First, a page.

The side of the 3DS box really does have a frightening harangue on it. I would go so far as to say that it stops just shy of being Dark Prophecy, roosting tastefully near Omen.
The DS, I may say with clarity, is my Favorite System Of All Time. I’m referring explicitly to gaming appliances, it should be said; the sort of device I would type something like this on isn’t in that continuum. Things did not start out that way: I begrudged the ill-starred thing its flip-flop nonsense, did not truck with its shim-sham, refused to hold court with its brazen and seemingly vestigial genetic trash. Remember the little “thumb nub” they offered for use in Super Mario 64? It was a bizarre age. Somewhere in that matrix of function first and third parties established an identity for the platform, leveraging the capabilities they needed out of the superset in a way that made the device seem to conform to the application. It was, in a word, wow. Continues to be so.
It was my favorite system of all time even before I had a son with the accrued development to use it, and when you see a young person at its tiny helm you get a wider lens on its genius. I credit Super Scribblenauts with the entirety of his keyboarding knowledge, a substantial portion of his spelling acumen, and a measurable quantity of his bizarre behavior. I know, for example, that when he pokes his finger into the nothing in the upper left corner of his visual field, he is selecting a definition tool which does not exist in the real world. And when he proceeds to define every object within a certain radius, I think, well, at least he knows where the T key is.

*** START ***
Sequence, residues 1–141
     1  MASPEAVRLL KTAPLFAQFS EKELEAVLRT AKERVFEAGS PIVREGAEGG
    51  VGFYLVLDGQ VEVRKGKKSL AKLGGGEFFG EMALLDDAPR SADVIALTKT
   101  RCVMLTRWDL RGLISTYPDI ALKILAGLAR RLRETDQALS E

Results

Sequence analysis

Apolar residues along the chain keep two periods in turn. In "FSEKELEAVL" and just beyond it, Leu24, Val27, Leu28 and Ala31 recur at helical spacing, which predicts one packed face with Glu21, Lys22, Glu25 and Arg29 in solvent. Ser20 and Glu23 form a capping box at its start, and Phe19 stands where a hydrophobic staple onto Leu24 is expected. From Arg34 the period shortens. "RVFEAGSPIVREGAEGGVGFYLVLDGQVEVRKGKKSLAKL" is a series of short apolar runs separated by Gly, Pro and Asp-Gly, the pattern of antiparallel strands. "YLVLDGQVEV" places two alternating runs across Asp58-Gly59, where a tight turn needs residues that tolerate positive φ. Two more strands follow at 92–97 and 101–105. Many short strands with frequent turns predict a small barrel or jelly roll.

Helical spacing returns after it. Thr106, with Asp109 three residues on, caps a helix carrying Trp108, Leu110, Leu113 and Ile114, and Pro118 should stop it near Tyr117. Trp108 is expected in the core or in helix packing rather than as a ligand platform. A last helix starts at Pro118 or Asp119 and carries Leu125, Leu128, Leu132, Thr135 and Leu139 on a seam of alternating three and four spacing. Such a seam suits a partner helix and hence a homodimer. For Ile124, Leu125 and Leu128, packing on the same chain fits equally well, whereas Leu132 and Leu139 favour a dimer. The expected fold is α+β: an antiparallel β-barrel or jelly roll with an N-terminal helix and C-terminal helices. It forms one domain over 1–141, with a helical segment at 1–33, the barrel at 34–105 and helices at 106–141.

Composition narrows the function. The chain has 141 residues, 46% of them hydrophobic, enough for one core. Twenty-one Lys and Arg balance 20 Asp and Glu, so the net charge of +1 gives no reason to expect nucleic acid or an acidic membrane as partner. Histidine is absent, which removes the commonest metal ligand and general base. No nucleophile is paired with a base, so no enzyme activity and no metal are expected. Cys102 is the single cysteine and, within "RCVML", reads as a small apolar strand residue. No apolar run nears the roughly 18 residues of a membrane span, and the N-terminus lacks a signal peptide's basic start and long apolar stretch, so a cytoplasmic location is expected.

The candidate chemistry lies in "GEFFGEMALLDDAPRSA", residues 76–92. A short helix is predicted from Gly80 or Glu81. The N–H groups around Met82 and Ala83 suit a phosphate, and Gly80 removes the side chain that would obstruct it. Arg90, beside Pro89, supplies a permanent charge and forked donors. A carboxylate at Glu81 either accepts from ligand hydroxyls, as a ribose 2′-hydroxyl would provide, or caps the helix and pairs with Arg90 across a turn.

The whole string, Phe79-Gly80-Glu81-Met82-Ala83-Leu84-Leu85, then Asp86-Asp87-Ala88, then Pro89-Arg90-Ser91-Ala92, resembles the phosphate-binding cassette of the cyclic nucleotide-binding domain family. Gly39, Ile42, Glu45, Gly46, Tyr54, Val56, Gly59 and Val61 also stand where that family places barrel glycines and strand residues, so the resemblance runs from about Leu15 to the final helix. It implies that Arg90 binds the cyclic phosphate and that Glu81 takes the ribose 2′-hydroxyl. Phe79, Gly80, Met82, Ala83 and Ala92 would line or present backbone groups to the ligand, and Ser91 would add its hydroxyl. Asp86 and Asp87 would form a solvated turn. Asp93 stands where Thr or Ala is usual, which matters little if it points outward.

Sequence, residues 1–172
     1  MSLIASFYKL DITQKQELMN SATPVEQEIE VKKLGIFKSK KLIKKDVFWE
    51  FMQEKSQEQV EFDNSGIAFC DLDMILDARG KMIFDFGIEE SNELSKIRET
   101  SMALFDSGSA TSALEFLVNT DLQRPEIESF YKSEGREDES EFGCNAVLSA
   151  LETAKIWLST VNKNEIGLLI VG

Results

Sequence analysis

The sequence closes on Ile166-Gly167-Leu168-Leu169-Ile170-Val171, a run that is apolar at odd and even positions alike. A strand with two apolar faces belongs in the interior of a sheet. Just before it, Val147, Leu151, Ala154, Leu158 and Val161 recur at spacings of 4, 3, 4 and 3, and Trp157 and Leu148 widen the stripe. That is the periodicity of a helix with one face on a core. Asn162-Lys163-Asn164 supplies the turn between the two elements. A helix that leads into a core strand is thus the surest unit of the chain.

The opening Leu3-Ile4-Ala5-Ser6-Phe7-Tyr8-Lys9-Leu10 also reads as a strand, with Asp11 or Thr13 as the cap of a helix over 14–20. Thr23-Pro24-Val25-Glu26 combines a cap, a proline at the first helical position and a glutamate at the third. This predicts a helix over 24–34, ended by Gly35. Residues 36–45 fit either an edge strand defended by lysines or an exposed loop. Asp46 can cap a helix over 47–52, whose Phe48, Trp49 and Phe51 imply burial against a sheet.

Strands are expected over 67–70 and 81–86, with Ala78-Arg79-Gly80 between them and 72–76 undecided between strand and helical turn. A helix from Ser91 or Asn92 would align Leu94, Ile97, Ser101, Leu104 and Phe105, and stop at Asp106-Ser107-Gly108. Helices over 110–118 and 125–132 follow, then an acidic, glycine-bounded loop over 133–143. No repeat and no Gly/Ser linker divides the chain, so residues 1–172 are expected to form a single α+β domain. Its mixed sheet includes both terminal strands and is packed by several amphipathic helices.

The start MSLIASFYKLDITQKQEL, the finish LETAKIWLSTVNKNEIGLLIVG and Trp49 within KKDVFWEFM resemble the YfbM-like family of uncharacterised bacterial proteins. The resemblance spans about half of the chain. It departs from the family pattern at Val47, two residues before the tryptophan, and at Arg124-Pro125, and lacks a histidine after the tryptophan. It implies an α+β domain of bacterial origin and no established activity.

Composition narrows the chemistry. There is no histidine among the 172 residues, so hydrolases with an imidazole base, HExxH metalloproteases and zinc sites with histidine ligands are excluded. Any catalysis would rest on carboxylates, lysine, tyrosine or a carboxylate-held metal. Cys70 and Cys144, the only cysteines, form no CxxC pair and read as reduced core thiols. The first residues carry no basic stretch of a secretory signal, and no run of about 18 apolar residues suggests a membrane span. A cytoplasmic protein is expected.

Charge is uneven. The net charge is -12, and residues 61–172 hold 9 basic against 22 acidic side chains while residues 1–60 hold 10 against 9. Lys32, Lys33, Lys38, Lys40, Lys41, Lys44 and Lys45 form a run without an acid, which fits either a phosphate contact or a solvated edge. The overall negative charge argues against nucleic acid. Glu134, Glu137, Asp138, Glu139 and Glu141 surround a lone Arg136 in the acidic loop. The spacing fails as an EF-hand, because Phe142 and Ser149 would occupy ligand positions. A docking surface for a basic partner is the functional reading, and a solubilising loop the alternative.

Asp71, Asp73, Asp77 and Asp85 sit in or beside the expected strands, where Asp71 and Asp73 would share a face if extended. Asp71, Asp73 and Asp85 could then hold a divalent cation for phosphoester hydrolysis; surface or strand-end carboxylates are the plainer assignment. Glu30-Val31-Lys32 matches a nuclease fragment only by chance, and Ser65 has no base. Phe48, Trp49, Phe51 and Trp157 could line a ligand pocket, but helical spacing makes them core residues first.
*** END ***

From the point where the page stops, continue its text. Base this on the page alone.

With the flip of a switch, you can - and this is fascinating - remove 3D from the new device altogether, transforming it into something which is less 3DS and is more DS2. It’s an analog switch, though, which allowed us to find the exact point where Gabe was able to see the stuff, like, coming right out of the screen. He says it’s “pretty cool”!
You can imagine our surprise when Gabriel the Younger reached up and turned off the 3D after about fifteen minutes. Days have passed, and he has yet to turn it back on. He thinks it’s neat that you can take 3D pictures, at least, as an idea. The pictures on the device are the ones Gabriel the Elder took in an attempt to show his heir that this was a cool thing to do.
You see time and time again the suggestion that people are turning this feature off, or that its battery lacks vigor. Excellent, exclusive software that feels native has a way of making you okay with things like this, but the DS had four distinct refreshes over the course of its life, and I wonder to what extent those nettling concerns can be assuaged by the passage of time.